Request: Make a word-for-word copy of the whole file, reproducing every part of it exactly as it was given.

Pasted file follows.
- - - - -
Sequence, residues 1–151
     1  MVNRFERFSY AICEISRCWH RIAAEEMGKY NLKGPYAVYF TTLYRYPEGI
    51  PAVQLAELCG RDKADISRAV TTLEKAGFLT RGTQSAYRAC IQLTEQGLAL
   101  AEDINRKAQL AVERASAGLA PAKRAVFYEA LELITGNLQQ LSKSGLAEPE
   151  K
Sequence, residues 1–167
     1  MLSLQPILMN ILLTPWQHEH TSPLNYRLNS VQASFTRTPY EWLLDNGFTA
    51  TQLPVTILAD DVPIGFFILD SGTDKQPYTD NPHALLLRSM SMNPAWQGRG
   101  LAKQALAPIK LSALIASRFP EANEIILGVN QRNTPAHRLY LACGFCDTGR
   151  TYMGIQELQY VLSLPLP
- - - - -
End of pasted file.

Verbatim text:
Sequence, residues 1–151
     1  MVNRFERFSY AICEISRCWH RIAAEEMGKY NLKGPYAVYF TTLYRYPEGI
    51  PAVQLAELCG RDKADISRAV TTLEKAGFLT RGTQSAYRAC IQLTEQGLAL
   101  AEDINRKAQL AVERASAGLA PAKRAVFYEA LELITGNLQQ LSKSGLAEPE
   151  K
Sequence, residues 1–167
     1  MLSLQPILMN ILLTPWQHEH TSPLNYRLNS VQASFTRTPY EWLLDNGFTA
    51  TQLPVTILAD DVPIGFFILD SGTDKQPYTD NPHALLLRSM SMNPAWQGRG
   101  LAKQALAPIK LSALIASRFP EANEIILGVN QRNTPAHRLY LACGFCDTGR
   151  TYMGIQELQY VLSLPLP